TROY, MI — Delphi Corp. reported Q2 2005 revenues of $7.0 billion, $500 million less than Q2 2004, and a GAAP net loss of $338 million or a loss of 60 cents per share, compared to Q2 2004 GAAP net income of $143 million or earnings of 25 cents per share. Non-GM revenues were $3.6 billion, representing 51 percent of total revenues.
“Despite significant U.S. financial challenges, we continue to experience growth and profitability in our international operations,” said Robert S. “Steve” Miller, Delphi’s chairman and CEO. “While we are pleased with our regional performance, it is apparent that we must immediately address the U.S. legacy issues. We are engaging our major unions in discussions to seek modifications required to implement our restructuring plan, as well as with GM to seek related financial support. As we announced on Aug. 5, we drew $1.5 billion under our revolving credit facility to make additional cash readily available to finance our operations to the extent required during our restructuring discussions with our unions and GM. If these discussions do not lead to the implementation of a plan that addresses our existing legacy liabilities and the resulting high cost of U.S. operations, we will consider other strategic alternatives, including chapter 11 reorganization for our U.S. businesses, to preserve the value of the company and complete our transformation plan.”
“While Delphi continues to be impacted by U.S. legacy cost issues, we are still driving our non-GM sales for long-term growth and diversification,” said John Sheehan, Delphi’s acting CFO. “With Delphi Medical Systems, we announced several actions that will strengthen our position in the medical components field, including booking more than $200 million in new business this year for respiratory care devices.”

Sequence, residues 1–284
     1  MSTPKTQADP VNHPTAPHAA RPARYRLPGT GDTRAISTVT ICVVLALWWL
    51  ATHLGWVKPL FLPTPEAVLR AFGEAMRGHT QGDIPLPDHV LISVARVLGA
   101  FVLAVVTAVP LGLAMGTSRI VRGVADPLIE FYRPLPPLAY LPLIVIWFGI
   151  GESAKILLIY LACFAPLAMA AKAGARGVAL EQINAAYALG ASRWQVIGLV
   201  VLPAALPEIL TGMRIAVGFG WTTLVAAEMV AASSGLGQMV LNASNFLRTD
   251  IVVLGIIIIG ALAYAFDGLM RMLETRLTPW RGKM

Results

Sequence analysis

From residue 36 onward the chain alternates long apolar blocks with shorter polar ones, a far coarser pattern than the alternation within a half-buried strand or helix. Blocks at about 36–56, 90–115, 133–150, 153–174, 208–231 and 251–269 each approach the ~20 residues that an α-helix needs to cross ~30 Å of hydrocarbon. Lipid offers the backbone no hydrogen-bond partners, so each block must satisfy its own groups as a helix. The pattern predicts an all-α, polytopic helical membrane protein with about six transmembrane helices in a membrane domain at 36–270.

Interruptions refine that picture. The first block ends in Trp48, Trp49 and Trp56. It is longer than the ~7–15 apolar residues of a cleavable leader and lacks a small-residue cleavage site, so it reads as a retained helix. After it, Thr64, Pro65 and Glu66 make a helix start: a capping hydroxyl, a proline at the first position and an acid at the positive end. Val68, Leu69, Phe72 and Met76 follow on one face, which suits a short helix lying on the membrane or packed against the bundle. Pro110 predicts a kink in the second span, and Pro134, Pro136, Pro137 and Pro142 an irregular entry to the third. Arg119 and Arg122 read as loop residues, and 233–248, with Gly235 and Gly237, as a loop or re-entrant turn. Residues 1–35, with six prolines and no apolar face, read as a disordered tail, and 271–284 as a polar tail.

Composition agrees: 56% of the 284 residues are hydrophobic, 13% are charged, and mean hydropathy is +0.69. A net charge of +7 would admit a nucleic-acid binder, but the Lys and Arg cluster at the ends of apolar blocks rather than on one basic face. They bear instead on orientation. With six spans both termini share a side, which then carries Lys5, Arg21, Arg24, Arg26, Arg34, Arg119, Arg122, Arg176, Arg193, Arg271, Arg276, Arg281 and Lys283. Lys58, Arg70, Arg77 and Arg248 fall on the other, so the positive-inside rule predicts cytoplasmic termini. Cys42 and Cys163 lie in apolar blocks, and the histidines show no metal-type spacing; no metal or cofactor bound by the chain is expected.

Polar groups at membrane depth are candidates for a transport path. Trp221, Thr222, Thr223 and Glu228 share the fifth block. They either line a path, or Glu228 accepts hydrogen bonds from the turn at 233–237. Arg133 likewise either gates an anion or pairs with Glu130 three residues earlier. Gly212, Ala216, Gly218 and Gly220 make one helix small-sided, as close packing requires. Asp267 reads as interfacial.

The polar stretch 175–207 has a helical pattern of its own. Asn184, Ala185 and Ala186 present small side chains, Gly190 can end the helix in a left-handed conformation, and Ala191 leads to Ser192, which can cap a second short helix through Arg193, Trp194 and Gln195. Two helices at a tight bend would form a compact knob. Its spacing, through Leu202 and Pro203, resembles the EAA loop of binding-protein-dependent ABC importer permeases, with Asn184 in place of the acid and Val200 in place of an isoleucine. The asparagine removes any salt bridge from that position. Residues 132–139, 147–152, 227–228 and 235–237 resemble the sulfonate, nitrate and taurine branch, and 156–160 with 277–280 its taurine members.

In Q2 2005, Delphi made additional progress on restructuring activities announced in December 2004 to reduce its global workforce by 8,500 positions. During the quarter, Delphi reduced its global workforce by approximately 2,100 positions, bringing total 2005 reductions to approximately 3,600.
“Attrition in the U.S. has been challenging in this low-volume environment — principally with flow-back opportunities — and although we are still tracking to the reduction of 8,500 positions, we may see a different mix between U.S. and international reductions than we originally anticipated,” said Sheehan.
In other restructuring-related activities, on July 1, 2005, Delphi completed the sale of its battery product line to Johnson Controls Inc. for $202.5 million, which included the sale of facilities in France, Mexico and Brazil. In addition to the sale of the battery operations in Q3 2005, Delphi ceased manufacturing at the Lansing Cockpit Assembly plant in Lansing, Mich. during the second quarter 2005.
Sheehan said Delphi expects continued lower North American production levels in Q3 2005. At these low volume levels, revenue is expected to range between $6.1 billion and $6.3 billion, and margins will be lower as compared to the first half of the year, due to the high U.S. legacy fixed-cost structure. The company expects GAAP cash flow from operations to be negative in the third quarter of 2005.
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